The “Trail and Point 7837” Approach, Class 3

Both of these trail approaches start at the trailhead for the Crestline Trail/FST-148 and end at the saddle at the base of the west ridge of Peak 8037. This is the more difficult approach of the two. From the trailhead, hike up the Crestline Trail to a saddle just southwest of Point 7837. Leave the trail and bushwhack briefly northeast to reach the rocky base of Point 7837. Scramble up steep, knobby, conglomerate ridge rock to reach the top of Point 7837 (Class 3). Descend northeast on the right/east side of Point 7837’s ridge crest on a shoulder then left/west down a gully to reach the gentle saddle at the base of the northeast ridge of Point 7837.

From the saddle, hike briefly up the ridgeline to a flat ridge area and look for a use trail that contours northeast to reach the saddle at the base of the west ridge of Peak 8037, which is clearly visible from here. You can bushwhack through the willows and sagebrush if you can’t find the use trail, but it is worth the effort to find it and minimize your difficulty in traversing to that critical saddle.

The “Trail and Old Trail” Approach, Class 2

From the trailhead, hike up the Crestline Trail to just below the saddle that sits underneath the northeast face of Point 7837. There are remnants of the old “Crestline-Walker Creek Connector Trail”/FST-115 here and a few “closed area” signs that you will see. Bushwhack left/southeast up to the saddle using the old trail if you can find it (and you probably can). It is a pretty short, easy bushwhack anyway.

From the saddle, hike briefly up the ridgeline to a flat ridge area and look for a use trail that contours northeast to reach the saddle at the base of the west ridge of Peak 8037, which is clearly visible from here. You can bushwhack through the willows and sagebrush if you can’t find the use trail, but it is worth the effort to find it and minimize your difficulty in traversing to that critical saddle.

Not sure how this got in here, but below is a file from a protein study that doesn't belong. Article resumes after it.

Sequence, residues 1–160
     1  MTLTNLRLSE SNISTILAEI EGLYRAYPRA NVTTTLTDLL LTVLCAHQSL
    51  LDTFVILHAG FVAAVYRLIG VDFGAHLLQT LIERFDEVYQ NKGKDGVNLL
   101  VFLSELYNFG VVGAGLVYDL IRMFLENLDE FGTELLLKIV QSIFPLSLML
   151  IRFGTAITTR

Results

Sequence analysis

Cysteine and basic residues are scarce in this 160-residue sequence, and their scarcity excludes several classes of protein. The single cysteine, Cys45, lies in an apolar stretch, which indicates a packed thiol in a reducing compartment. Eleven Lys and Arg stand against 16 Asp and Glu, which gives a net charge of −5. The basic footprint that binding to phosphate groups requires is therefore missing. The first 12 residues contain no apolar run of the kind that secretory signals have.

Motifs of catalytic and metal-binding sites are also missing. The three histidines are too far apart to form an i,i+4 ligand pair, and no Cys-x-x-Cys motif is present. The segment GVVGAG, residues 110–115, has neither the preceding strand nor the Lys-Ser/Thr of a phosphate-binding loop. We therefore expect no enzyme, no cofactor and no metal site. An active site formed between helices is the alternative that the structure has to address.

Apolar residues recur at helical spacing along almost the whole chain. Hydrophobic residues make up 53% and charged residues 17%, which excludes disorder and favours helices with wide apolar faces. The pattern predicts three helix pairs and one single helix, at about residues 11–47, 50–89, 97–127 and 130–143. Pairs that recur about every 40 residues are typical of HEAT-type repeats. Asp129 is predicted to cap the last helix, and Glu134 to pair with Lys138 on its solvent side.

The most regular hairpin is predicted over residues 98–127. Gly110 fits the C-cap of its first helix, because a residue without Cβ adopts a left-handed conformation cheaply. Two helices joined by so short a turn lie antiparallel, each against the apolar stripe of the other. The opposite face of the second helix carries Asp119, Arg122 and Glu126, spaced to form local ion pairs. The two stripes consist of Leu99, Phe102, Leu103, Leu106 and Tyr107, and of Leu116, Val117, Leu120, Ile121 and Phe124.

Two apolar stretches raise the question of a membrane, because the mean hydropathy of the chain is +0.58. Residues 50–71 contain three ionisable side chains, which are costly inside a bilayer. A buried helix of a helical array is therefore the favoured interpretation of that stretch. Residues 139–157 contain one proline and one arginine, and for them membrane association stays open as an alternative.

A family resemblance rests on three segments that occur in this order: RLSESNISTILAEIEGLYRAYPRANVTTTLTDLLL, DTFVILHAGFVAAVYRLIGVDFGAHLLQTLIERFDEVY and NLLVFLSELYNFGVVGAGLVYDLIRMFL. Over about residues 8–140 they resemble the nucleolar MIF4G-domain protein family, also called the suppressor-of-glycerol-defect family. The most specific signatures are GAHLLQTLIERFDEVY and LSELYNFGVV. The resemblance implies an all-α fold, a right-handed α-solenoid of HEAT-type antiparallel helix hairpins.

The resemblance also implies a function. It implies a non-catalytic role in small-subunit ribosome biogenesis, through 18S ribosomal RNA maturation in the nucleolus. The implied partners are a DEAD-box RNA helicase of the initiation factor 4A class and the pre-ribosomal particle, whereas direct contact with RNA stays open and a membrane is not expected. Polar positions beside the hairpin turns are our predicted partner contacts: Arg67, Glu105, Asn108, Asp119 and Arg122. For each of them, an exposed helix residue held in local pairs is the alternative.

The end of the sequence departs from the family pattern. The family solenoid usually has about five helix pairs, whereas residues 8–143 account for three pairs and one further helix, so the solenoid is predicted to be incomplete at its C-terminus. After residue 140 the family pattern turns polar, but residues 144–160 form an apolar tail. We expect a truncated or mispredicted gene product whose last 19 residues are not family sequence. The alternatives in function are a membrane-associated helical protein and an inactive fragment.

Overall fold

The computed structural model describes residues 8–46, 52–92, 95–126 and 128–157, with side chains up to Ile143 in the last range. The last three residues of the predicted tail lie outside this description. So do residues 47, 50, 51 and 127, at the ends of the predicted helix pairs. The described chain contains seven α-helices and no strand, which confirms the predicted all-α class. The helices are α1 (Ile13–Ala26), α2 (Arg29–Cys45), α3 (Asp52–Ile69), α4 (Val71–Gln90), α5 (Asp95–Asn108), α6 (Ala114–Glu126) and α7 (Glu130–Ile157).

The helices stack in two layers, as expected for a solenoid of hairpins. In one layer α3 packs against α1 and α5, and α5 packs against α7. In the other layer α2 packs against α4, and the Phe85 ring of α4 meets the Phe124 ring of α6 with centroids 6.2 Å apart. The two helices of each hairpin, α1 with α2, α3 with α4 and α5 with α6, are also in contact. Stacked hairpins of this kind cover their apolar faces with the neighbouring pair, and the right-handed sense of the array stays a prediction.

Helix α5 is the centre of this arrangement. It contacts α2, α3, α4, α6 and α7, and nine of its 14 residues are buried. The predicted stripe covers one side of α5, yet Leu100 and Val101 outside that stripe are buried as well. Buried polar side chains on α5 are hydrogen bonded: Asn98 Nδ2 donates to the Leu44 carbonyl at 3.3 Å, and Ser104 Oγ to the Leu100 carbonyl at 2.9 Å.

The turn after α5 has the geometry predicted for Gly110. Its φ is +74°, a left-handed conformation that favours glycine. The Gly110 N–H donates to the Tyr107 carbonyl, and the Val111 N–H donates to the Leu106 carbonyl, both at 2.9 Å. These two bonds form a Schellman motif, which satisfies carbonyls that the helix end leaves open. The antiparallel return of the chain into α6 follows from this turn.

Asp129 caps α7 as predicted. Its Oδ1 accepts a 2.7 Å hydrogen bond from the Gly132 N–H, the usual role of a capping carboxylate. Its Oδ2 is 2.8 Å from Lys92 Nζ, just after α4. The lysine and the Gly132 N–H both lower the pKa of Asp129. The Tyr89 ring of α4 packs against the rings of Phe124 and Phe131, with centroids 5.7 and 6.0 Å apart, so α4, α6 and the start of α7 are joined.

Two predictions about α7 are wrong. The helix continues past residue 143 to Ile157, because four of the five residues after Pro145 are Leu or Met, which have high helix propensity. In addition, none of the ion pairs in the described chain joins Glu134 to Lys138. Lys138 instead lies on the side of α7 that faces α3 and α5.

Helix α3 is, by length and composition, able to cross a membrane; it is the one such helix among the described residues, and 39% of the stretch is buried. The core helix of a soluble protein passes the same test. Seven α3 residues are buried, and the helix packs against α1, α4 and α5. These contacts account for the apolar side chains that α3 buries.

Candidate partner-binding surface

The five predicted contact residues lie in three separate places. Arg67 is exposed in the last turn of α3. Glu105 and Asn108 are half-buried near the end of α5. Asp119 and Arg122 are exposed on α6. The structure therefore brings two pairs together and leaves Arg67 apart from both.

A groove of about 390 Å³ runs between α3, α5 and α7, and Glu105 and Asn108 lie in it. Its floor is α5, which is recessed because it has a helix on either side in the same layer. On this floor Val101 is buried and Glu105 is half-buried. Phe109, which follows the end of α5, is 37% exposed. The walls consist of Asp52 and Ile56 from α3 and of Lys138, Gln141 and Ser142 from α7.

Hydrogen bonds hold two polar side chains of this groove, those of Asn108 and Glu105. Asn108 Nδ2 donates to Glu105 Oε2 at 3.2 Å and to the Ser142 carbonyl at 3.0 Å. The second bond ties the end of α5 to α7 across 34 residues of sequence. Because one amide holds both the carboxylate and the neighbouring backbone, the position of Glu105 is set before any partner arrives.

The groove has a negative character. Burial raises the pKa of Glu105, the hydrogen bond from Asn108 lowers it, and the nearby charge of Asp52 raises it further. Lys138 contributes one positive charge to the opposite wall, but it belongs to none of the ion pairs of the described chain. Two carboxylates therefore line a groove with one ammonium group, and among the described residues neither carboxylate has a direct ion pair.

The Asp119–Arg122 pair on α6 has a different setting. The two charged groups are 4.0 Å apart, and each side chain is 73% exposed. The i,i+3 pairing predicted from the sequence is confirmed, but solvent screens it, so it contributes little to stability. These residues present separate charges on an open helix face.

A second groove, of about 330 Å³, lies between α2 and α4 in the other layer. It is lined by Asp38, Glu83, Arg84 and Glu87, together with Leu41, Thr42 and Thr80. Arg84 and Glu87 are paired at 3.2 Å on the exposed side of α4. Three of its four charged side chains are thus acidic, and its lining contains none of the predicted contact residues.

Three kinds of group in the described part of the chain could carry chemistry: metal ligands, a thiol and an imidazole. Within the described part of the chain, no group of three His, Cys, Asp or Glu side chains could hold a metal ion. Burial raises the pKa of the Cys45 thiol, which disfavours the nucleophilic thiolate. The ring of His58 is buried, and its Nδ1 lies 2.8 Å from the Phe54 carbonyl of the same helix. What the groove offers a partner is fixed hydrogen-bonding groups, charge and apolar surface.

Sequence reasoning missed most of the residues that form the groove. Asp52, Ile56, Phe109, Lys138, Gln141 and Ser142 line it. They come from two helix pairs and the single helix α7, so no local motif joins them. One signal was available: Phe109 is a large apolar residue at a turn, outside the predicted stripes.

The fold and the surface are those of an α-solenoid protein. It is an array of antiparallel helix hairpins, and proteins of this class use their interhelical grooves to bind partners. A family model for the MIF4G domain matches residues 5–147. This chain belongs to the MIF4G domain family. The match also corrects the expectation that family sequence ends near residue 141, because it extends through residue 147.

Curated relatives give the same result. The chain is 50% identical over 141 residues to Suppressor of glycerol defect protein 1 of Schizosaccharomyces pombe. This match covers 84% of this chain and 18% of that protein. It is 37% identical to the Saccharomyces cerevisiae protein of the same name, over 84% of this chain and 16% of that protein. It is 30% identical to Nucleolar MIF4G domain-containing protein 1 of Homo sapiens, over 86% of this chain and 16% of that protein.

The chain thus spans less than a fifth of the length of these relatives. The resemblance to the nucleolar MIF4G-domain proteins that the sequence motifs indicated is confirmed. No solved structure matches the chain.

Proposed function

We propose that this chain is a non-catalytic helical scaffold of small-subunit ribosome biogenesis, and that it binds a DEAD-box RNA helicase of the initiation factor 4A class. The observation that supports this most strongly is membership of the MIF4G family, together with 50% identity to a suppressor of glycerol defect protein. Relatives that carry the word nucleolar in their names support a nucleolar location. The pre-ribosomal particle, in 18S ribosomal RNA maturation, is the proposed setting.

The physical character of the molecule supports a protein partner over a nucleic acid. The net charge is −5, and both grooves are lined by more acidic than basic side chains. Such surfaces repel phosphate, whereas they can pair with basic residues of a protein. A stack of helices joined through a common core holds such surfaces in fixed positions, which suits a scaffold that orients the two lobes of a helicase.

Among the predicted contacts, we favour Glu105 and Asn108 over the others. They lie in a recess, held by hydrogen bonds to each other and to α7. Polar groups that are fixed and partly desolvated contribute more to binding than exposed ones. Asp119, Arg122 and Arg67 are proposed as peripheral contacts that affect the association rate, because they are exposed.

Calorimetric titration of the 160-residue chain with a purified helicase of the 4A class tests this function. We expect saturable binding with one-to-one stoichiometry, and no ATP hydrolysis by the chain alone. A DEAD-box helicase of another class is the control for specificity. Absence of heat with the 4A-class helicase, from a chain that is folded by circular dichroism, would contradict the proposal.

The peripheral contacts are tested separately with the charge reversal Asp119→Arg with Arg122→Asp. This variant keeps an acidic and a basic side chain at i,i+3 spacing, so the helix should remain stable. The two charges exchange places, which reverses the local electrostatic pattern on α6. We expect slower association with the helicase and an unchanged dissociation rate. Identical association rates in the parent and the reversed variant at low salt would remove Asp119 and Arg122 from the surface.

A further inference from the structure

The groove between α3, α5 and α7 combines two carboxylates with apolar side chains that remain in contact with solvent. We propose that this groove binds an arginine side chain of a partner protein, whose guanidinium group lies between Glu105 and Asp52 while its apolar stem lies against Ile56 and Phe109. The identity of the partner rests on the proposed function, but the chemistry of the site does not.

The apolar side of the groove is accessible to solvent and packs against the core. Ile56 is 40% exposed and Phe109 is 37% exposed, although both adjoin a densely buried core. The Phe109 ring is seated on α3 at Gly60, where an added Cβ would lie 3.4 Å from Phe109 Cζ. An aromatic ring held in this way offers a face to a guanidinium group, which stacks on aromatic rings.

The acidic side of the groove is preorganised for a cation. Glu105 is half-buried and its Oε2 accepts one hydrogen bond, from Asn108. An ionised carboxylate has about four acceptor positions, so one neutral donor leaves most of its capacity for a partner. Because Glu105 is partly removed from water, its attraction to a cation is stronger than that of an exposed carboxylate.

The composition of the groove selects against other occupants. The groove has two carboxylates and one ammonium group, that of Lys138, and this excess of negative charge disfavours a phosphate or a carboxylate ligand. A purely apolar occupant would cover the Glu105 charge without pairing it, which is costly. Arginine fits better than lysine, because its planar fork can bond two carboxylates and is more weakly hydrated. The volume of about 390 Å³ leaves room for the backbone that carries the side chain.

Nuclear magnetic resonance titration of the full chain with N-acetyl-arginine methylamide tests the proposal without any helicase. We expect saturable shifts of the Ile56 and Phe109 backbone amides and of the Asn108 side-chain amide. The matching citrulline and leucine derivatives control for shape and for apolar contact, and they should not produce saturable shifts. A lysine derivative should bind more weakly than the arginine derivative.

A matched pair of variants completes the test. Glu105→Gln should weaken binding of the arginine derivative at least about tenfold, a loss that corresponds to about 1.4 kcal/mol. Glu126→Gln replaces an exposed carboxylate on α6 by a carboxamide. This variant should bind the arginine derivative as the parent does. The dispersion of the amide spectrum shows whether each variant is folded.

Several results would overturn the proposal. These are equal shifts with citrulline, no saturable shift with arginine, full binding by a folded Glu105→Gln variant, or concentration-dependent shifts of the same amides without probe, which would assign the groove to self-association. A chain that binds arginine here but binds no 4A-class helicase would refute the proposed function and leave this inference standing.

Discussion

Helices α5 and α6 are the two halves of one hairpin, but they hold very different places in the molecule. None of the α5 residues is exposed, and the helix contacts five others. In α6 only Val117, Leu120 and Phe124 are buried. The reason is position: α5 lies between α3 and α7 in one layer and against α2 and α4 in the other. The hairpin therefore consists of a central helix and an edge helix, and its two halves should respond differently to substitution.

West Ridge, Class 3

The Climb

From the 7,620-foot saddle at the base of the west ridge (and at the head of the Walker Creek drainage), follow a good cattle trail east through scrub up over a hump then down 20 vertical feet or so to a minor saddle of scrub. Now the steep, intimidating rock of Peak 8037 is directly in front of you (see photo). Scramble up the ridge, staying just to the left/north of the rocky cliffs on the ridgeline proper. Climb steeply up through a miserable combination of mountain mahogany, brush, and loose gravel. Stay close to the base of the ridge crest towers/cliffs to make the best progress.

Once atop this massive block of rock, you find that you are NOT on the summit. It sits back to the east another 150 yards or so and it looks almost impossible (see photo). Bash your way along a clogged ridgeline to reach the final summit block/buttress. Stay just to the left/north of a massive wall of rock and work your way up through more mountain mahogany (thick), rocky blocks, and some brush to find a side gully to the right/south to easily reach the highest rocky block. There is no cairn on top and no loose rocks with which to build one. The view of nearby Scout Mountain is spectacular. I used my hands in the steep terrain and on the final scramble up the summit block, so I rate this ridge a Class 3.

The imposing rock (and mountain mahogany) of the [false] west summit of Peak 8037. Livingston Douglas Photo

The imposing rock (and mountain mahogany) of the [false] west summit of Peak 8037. Livingston Douglas Photo

THIS is the summit block of Peak 8037 as viewed from just below it. Livingston Douglas Photo

THIS is the summit block of Peak 8037 as viewed from just below it. Livingston Douglas Photo

The summit rocks of Peak 8037 with Scout Mountain in the background. Livingston Douglas Photo

The summit rocks of Peak 8037 with Scout Mountain in the background. Livingston Douglas Photo

Looking down the west ridge from the summit of Peak 8037. You must return to the saddle on the left side of the photo to get back to the Crestline Trail/FST-148. Livingston Douglas Photo

Looking down the west ridge from the summit of Peak 8037. You must return to the saddle on the left side of the photo to get back to the Crestline Trail/FST-148. Livingston Douglas Photo

Additional Resources

Mountain Range: Bannock Range

Longitude: -112.32401   Latitude: 42.69889